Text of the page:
More than a week after Ida hit the Gulf of Mexico, it’s becoming increasingly clear that the hurricane made a huge mess of the oil and gas activities there. The government is investigating hundreds of reports of oil spills in the Gulf following the storm—and some of these spills may have come from the enormous network of old and abandoned pipelines that the government has allowed companies to leave on the ocean floor.
In the days since Ida made landfall in Louisiana at the end of August, the Coast Guard has been conducting flights over the Gulf, using satellite imagery to search for spills. Nearly 90% of the Gulf’s oil and gas infrastructure is still offline since the storm hit on August 29. It’s difficult to get a sense of just how much oil has been spilled and from which facilities as well as who is responsible; the Coast Guard said Monday it is investigating close to 350 reports of spills in the Gulf following Ida.
One of the biggest spills may have been caused by a pipeline no longer in use—a phenomenon that’s a huge problem in the Gulf. On Wednesday, images captured by the National Oceanic and Atmospheric Administration—which also show the catastrophic damage wrought by Ida on coastal communities—showed a streak of oil at least 10 miles long in the waters 2 miles off of Port Fourchon, one of the country’s most important oil and gas hubs and the place where Ida first made landfall. After the AP reported on the images, the spill was confirmed Thursday by a special EPA plane that made a survey over it and other industrial areas.
This spill was initially linked to activities from Houston-based Talos Energy, which had leased an area near the spill site but ceased operations in 2017. Divers working on the cleanup site said Monday that the spill appears to have sprung from a 1-foot pipeline that broke off the ocean floor in shallow water, about 34 feet (10 meters) underwater. Two other, smaller pipelines in the area were also “open and apparently abandoned,” the AP reported.
In a release, Talos Energy, which has hired a company to clean up the spill, said that it had removed all its infrastructure in 2019, that its equipment was not responsible, and that the leak appears to have come from an abandoned pipeline in a nearby leasing area. The company said it is “working closely with the [Coast Guard] and Louisiana state officials to identify the owner of the line and is continuing to collaborate with [Coast Guard] and other state and federal officials to receive approval to initiate permanent repair of the line.”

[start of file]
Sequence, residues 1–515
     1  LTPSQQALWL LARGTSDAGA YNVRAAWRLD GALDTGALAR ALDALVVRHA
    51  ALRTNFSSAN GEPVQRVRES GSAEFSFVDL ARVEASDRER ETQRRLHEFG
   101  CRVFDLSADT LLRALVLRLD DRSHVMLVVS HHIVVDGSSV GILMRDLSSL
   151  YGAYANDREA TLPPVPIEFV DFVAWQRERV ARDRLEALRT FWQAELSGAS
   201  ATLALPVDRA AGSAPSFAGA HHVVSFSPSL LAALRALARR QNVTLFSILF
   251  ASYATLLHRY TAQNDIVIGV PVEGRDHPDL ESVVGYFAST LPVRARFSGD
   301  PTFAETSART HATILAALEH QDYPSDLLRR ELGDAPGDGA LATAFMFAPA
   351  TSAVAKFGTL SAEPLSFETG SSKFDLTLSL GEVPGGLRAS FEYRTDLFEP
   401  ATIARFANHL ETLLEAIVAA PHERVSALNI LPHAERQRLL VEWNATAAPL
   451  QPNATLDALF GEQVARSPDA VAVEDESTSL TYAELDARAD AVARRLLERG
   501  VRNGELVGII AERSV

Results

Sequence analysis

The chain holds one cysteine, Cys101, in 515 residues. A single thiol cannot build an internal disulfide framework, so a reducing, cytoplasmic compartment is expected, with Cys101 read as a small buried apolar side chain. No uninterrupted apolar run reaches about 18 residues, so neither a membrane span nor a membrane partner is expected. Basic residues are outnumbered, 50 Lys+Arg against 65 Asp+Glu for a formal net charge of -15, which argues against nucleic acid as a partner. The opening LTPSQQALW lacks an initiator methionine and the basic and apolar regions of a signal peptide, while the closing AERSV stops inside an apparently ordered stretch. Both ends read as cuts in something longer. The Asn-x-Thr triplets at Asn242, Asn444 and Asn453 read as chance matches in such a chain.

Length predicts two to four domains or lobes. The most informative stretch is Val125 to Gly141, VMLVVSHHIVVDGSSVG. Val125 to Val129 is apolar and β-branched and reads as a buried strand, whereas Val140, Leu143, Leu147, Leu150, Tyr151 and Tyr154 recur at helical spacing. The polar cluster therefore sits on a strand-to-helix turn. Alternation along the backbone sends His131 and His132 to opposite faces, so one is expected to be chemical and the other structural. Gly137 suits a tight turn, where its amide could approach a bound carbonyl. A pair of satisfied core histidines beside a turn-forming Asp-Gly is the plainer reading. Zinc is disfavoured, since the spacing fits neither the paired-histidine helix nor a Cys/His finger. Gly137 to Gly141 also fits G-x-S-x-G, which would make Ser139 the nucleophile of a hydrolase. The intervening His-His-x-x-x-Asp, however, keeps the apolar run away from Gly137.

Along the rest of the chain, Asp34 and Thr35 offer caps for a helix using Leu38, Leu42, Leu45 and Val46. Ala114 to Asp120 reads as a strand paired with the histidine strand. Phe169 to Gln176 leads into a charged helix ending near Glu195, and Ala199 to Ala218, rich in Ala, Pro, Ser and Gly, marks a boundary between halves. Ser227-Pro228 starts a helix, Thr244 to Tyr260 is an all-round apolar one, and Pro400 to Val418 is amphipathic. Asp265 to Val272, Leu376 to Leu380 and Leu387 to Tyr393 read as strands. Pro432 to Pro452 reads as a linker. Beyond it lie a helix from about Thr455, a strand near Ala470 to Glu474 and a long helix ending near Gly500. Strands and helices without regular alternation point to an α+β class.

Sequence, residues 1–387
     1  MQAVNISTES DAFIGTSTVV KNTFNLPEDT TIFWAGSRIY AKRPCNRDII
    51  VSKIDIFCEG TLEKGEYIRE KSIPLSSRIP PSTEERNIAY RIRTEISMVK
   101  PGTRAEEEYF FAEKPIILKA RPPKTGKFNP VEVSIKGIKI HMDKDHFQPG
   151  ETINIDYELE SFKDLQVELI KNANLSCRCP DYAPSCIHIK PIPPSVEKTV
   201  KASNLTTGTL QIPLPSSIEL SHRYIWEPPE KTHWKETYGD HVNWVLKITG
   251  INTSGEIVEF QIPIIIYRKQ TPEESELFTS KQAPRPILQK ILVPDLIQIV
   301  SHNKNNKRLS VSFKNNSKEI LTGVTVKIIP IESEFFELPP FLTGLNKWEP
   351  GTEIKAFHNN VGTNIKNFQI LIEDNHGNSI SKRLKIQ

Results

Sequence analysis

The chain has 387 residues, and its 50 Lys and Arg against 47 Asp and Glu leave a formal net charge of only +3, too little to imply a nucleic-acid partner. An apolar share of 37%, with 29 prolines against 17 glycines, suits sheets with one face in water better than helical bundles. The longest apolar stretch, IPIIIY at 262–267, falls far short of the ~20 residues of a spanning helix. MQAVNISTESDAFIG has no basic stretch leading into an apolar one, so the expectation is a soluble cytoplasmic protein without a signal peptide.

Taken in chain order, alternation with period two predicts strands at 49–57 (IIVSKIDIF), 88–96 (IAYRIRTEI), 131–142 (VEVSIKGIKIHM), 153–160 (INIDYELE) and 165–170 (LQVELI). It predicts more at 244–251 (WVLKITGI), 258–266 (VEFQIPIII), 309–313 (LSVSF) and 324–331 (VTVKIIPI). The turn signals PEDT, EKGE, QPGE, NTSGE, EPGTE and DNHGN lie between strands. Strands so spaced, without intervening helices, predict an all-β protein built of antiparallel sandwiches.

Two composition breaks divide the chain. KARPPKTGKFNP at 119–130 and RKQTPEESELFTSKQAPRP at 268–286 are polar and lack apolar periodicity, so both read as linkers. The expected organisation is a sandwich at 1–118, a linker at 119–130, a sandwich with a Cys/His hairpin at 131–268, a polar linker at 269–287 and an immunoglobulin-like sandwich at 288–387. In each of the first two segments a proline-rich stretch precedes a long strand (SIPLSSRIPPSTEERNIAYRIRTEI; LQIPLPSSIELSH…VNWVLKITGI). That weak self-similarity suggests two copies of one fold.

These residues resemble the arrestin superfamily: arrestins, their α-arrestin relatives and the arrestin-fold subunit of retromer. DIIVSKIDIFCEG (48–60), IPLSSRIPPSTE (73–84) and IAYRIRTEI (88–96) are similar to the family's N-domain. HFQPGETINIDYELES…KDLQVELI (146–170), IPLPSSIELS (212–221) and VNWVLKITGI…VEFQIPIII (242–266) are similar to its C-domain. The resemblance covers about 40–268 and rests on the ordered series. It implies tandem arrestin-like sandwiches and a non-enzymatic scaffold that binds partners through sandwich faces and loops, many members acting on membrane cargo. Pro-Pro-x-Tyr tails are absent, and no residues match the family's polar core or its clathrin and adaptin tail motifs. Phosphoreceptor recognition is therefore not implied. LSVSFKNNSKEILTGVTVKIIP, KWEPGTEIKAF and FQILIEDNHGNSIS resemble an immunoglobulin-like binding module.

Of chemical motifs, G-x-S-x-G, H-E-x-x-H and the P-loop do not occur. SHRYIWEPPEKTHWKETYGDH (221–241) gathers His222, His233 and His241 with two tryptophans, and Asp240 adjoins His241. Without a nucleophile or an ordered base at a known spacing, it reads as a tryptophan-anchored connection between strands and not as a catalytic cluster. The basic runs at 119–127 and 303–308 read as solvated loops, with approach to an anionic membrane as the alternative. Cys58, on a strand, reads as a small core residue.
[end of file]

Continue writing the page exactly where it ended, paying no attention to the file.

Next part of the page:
Regulations say that companies that leave fossil fuel infrastructure on federally owned seafloor are responsible for fully cleaning up their messes—decommissioning pipelines, removing infrastructure, making sure the wells are shut off—when they’re done. But a loophole in the rules allows for some pipelines to be decommissioned-in-place—a loophole that has all but become the law. A report released in April by the Government Accountability Office found that a whopping 97% of ocean pipelines built since the 1960s had been abandoned, even though they may still contain oil or other hazardous materials. All those pipelines add up to an enormous 18,000 miles (29,000 kilometers) of abandoned, unused pipelines—like those that may have been responsible for the spill post-Ida—littering the floor of the Gulf.
“People who do diving in the Gulf—they say it’s just a shitshow down there,” said Megan Milliken Biven, an energy policy researcher and former employee at the Bureau of Ocean Management under President Obama, where she first became aware of the issue of abandoned pipelines. “Just lots of shit—old shit, new shit, just shit.”
The same Government Accountability Office report found that the roughly 8,600 miles (14,000 kilometers) of active oil and gas pipelines are also not being sufficiently monitored for problems. Many of the government’s favorite monitoring techniques—like the surveys conducted over the Gulf in the wake of Ida—lean heavily on surface observations, but the slow-moving nature of some leaks and the way ocean currents can carry oil for miles makes it “difficult, if not impossible, to associate [sheens and bubbles] with a specific pipeline,” the report found. “Relying on surface observations could allow leaks—particularly slow leaks in deep water that are dispersed by currents—to go undetected for extended periods of time.”
In light of this report, preventing spills like the one that’s happening now in the Gulf is almost frustratingly easy: The government simply needs to follow its own standards and ask more oil companies to clean up their messes after they’re done.
“The agreement between the operator and the federal government is: remove everything,” Biven said. “That’s what all the regs pretty much say.” Biven explained that the current status quo of allowing pipelines to remain on the ocean floor has been “mutated” into official policy—one that the Department of Interior could easily reorient without any change in law. “Deb Haaland could say today, we need to remove these [pipelines] because they’re hazardous... The benefit of that is you wouldn’t have events like this.”